Would Washington have asked for "Fast Track?"
This week, it appears that President Obama got the Senate to give him “fast-track” authority for the Transpacific Partnership and the House isn't far behind.
For months, the Obama administration and supporters of “Obamatrade” have been saying that the TPP is about supporting free trade with Pacific Rim countries. But the president last week hinted at the real reason why the administration is putting so much effort into passing this trade deal.
The TPP does not include China, and Obama is apparently hoping that the trade deal will help block China from becoming the world’s economic leader. But as Elizabeth Warren has pointed out, “free-trade” deals historically have never helped American workers or supported American manufacturing.
And the TPP won’t change the fact that China is, today, central to the political economy of the Pacific region.
In fact, China is already the largest trade partner with Japan, Singapore and Australia - three key countries involved in the TPP. China's also the number one trade partner with South Korea and India , two economic powerhouses in the region that are not taking part in the TPP.
And while supporters of the TPP point to China as our biggest economic competitor, what little we know about the TPP suggests that it would promote the exact policies that have destroyed the American middle class and have allowed China to become the world’s largest manufacturer.
When Barack Obama took office, America was in the midst of the largest economic recession since the Great Depression, and the president’s stimulus package and his tax cuts for the middle class , the largest middle-class tax cut in the history of America, helped slow the recession .
Working class Americans had more disposable income to buy goods, but the only TVs, computers and other goods that we could buy were made abroad.
Thus, the Obama stimulus created manufacturing jobs, but most of them were in China and America’s other “free-trade” partners , countries where they still manufacture things. That’s why more American spending only created a few American jobs after the stimulus , as soon as US consumers bought foreign-made products, those stimulus dollars went offshore.
George Washington faced the same problem looking for an American-made suit to wear for his inauguration. Following the American Revolution, America had no manufacturing base as a result of Britain's colonialist economic policy.
Britain relied on its colonies for raw materials, which would then be shipped to England and manufactured to be sold across the world. So when America gained independence we were mainly a farming economy , but the Founders knew that it was vital to build American manufacturing at home if we were to become a strong nation.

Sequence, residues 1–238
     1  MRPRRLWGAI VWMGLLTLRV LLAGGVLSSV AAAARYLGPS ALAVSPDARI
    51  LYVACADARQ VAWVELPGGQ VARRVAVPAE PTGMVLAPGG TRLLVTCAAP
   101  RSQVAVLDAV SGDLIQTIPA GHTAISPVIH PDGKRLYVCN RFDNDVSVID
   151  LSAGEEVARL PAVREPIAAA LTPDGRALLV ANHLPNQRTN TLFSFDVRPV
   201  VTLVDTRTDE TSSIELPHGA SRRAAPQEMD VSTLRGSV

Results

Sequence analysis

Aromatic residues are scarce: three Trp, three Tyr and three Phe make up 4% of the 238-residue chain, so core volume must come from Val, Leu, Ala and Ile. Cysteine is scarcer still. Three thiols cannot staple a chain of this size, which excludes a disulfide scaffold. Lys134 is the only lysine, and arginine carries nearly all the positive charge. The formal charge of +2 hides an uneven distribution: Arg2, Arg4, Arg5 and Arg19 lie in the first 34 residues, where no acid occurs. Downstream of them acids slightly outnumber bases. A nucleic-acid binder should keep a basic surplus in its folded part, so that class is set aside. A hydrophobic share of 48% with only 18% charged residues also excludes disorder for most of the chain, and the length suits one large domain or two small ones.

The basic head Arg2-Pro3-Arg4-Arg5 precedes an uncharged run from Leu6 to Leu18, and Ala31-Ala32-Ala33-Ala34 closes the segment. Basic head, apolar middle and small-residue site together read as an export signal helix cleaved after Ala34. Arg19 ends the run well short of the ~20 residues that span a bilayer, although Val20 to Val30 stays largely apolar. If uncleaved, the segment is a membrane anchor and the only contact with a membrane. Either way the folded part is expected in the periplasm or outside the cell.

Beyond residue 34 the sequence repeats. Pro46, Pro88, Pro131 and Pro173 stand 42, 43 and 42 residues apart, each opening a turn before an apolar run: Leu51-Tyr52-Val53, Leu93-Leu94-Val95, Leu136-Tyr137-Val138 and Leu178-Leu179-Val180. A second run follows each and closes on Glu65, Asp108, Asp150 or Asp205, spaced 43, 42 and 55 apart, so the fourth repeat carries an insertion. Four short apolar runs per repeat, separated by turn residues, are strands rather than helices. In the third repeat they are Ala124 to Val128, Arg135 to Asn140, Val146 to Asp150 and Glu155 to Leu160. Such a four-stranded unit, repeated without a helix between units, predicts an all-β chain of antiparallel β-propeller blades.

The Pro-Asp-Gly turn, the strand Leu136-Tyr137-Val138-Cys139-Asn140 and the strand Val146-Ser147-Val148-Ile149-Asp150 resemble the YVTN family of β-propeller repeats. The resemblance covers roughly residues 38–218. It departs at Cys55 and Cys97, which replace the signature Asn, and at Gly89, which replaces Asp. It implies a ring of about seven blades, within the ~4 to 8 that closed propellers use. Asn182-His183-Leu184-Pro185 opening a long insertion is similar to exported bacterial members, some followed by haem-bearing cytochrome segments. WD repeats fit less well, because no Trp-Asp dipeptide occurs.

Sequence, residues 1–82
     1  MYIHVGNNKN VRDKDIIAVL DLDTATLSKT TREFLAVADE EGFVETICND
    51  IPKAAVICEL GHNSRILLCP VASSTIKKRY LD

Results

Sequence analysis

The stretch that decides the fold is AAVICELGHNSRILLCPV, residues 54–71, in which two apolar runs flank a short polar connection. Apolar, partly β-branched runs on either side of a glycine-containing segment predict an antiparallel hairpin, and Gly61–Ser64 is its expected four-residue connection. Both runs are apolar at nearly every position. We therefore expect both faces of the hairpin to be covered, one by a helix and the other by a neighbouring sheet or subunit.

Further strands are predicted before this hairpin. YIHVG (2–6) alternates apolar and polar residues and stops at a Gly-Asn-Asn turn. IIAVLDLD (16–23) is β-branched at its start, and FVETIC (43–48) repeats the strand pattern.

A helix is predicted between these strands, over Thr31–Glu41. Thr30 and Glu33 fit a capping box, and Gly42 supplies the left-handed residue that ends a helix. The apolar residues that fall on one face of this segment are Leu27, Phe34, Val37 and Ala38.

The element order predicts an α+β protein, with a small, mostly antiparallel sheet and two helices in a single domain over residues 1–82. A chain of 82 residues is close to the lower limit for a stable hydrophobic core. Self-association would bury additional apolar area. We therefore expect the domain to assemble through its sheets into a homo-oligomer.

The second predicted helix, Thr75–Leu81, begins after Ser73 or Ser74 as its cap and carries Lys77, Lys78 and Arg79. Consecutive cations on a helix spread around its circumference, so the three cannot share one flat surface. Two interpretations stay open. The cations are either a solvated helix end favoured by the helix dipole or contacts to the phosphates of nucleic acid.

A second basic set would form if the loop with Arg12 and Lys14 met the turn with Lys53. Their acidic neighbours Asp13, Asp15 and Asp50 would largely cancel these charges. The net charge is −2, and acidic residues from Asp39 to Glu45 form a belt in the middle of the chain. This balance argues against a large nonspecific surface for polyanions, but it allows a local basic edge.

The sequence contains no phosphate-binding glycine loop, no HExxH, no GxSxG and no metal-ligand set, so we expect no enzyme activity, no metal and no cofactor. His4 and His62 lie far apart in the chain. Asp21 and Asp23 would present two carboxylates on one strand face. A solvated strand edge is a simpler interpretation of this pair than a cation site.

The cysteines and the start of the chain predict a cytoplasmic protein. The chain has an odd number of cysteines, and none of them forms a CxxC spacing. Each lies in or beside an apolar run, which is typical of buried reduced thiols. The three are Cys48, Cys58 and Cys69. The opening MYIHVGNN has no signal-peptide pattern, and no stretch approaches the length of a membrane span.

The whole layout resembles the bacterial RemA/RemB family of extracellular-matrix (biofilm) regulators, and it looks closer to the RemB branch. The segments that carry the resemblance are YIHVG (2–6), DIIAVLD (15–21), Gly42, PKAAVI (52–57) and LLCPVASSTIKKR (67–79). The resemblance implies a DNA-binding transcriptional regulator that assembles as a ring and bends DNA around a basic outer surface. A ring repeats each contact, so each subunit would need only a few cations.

George Washington managed to find an American-made suit to wear for his inauguration , and when he took office he asked his Treasury Secretary, Alexander Hamilton, to develop a plan to promote manufacturing in the new United States.
Hamilton came up with an eleven point plan for American manufacturers, including high protective tariffs on certain foreign goods and subsidies for American manufacturers.
Hamilton knew that when a country manufactures things, to paraphrase Adam Smith, in grows the "wealth of the nation". And with more wealth, people can buy more, and the economy grows. But it starts with making things. It starts with manufacturing at home.
So to end the decline of the American middle class today, just like in 1793, we must once again grow -instead of offshoring and shrinking - American manufacturing. And that starts with ending our obsession with so-called “free-trade” deals - deals that allow multinational corporations to ship manufacturing abroad and throw American workers out of a job.
It starts with ending Permanent Normal Trade Relations with China, and ending US participation in the WTO, NAFTA and CAFTA - and the whole bunch of other trade agreements we've signed since Reagan began this binge.
Which is why this week, Congress should have rejected the president’s request for “fast-track” trade promotion authority, what they're calling "TPA" or "Trade Promotion Authority", Fast Track by another name , and they should reject SHAFTA once and for all.
Despite what President Obama says, the system Alexander Hamilton and George Washington put into place in 1793 and stood until the Reagan Revolution of the 1980s, over 190 years that turned us into the industrial powerhouse of the world, was not about closing ourselves off to the world, it was about encouraging American businesses to manufacture goods that American workers made and sold in America.
And it doesn’t end with rejecting TPA and SHAFTA. It’s time to put tariffs on foreign goods and to turn those tariffs into investments for American businesses: to fund research and development and to help reduce start-up costs for American innovators who will employ American workers.
We have to invest in American infrastructure - creating American construction jobs and providing a fertile soil for business to take root - so that American businesses can be certain that workers and goods can move from American factories to American stores and consumers.
Washington and Hamilton were right, and Reagan, Bush, Clinton, Bush, and Obama are wrong.
Thirty-five years of Reaganomics and so-called “free-trade” deals have devastated American manufacturing and the American middle-class that it had created. Which is why we need to re-embrace Hamilton’s system that grew American manufacturing and restore our middle class.
It's simple, really. Americans should be able to buy products made in America, and American workers should again have access to good manufacturing jobs.
We've done it before, and did it well. China, right now, is following Hamilton's plan. It's time for us to walk away from Reaganism and rebuild our once-great nation.